Unlike the Hollywood hospital shutdown in Feb and the Kentucky shutdown in March which got in by phishing attacks on employees, the two hospitals in Baltimore that were taken offline by ransomware were targeted by server-based attacks that got in through vulnerabilities in public-facing hospital services.
Medstar's Baltimore hospitals were hit with "Samsam" malware, that exploits very old vulnerabilities in server software, meaning that institutions are only vulnerable if they don't have an active IT department that keeps their systems up to date. Unfortunately, this describes many hospitals, and indeed, many have been infected with Samsam, though none so disastrously as Medstar's Baltimore hospitals (yet).
Interestingly, Ars Technica's Sean Gallagher cites unnamed sources as saying that Henderson, Kentucky's Methodist Hospital secretly paid a much higher ransom than the publicly released figure of $17,000.
Of the "couple of dozen targets" that Talos is tracking, Wilson said, a significant number of them are healthcare organizations. This is likely not because the attackers set out to target healthcare specifically, but because of the types of applications used by hospitals and healthcare networks. Wilson believes that the ransomware developer simply scanned for vulnerable servers on the Internet, and most of the ones that were discovered were at healthcare organizations.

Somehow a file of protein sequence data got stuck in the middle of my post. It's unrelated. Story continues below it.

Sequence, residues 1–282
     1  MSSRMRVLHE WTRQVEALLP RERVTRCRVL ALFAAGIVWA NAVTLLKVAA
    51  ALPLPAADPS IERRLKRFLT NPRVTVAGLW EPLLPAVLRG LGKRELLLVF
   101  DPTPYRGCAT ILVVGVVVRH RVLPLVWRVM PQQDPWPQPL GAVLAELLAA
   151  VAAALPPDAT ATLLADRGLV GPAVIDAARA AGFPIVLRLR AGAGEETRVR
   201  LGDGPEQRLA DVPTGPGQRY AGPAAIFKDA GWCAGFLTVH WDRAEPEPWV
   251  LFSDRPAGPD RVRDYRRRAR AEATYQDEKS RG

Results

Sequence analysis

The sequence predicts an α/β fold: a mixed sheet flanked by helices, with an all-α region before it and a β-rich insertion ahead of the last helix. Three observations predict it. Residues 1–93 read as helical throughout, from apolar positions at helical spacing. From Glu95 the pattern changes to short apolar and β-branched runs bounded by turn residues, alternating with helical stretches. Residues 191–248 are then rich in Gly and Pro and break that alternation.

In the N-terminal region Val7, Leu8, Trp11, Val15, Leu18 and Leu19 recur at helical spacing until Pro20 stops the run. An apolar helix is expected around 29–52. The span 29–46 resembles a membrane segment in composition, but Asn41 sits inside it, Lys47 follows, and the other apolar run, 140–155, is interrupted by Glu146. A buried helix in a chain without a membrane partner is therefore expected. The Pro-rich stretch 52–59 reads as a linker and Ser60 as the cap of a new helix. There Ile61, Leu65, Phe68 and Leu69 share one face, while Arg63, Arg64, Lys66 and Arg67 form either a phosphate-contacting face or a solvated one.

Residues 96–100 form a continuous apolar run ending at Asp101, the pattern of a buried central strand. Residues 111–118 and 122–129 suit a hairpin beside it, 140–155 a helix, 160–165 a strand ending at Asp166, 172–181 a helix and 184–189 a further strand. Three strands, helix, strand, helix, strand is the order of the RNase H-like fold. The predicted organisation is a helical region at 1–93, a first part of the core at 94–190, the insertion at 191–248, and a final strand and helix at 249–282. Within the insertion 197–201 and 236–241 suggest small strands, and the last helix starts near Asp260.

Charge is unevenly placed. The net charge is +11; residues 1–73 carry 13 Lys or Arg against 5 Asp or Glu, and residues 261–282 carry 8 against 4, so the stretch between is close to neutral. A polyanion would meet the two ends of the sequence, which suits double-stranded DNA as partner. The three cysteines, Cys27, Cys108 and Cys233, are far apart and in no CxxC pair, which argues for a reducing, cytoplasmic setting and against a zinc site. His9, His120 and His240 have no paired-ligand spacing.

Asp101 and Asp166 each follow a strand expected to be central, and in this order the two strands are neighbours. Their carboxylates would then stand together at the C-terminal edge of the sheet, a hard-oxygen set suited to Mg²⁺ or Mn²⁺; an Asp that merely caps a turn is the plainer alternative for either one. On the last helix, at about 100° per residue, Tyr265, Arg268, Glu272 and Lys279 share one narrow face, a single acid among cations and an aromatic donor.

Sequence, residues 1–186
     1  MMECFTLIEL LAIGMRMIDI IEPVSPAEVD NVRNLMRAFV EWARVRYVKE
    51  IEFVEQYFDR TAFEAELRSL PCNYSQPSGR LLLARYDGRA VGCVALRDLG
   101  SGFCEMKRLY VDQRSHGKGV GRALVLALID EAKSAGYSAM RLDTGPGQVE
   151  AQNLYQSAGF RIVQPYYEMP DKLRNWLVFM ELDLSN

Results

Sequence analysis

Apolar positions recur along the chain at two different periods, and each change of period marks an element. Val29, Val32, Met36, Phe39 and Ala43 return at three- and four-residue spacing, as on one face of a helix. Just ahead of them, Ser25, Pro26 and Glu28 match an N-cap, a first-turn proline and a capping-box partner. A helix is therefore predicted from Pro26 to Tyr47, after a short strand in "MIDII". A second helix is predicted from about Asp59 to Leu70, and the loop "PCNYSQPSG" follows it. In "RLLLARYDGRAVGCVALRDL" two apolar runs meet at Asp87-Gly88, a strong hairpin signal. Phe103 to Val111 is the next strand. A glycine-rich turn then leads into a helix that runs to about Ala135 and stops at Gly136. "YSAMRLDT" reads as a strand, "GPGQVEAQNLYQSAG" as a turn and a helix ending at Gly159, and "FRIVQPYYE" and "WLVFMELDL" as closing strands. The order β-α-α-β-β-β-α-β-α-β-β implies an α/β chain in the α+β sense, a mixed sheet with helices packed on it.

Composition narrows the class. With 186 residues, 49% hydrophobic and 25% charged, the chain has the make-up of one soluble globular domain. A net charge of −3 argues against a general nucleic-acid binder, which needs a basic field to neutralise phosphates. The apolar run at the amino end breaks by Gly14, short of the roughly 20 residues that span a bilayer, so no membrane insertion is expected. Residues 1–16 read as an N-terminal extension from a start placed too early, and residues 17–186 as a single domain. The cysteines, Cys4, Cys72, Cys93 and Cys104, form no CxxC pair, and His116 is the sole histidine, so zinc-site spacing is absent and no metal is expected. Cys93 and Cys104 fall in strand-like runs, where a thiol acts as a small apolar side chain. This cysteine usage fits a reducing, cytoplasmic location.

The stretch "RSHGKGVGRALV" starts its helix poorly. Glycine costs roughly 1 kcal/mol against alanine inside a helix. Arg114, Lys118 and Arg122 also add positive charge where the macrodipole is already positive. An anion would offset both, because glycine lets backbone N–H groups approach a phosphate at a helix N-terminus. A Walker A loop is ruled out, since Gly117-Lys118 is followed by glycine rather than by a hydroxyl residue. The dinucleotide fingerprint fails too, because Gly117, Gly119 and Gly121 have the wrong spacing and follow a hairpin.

"A lot of people in the healthcare industry—they set up websites in a kind of fire and forget fashion," WIlson explained. "They hire an IT guy, they get the billing system set up, hook it up to the website and then they never touch it again. That's the perfect environment for this type of malware to thrive in because it's not maintained. They have no full-time security staff and few if any fulltime administrators. As a result, the software just goes unpatched."
Alex Rice, chief technology officer and co-founder of vulnerability disclosure portal provider HackerOne, told Ars that this particular problem isn't unique at all to healthcare. "The reality is that almost every company that is transitioning into becoming an IT company, and every industry that is transitioning into [using more networked information technology], are really unprepared and ill-equipped to deal with the cyber challenges facing them," Rice explained. "It's just that the stakes in healthcare are so much higher—a disruption at a hospital can be life and death." Part of the problem, Rice noted, is that healthcare organizations and medical device manufacturers don't perform penetration testing or other regular risk assessments of their systems with any regularity.
Two more healthcare networks caught up in outbreak of hospital ransomware
[Sean Gallagher/Ars Technica]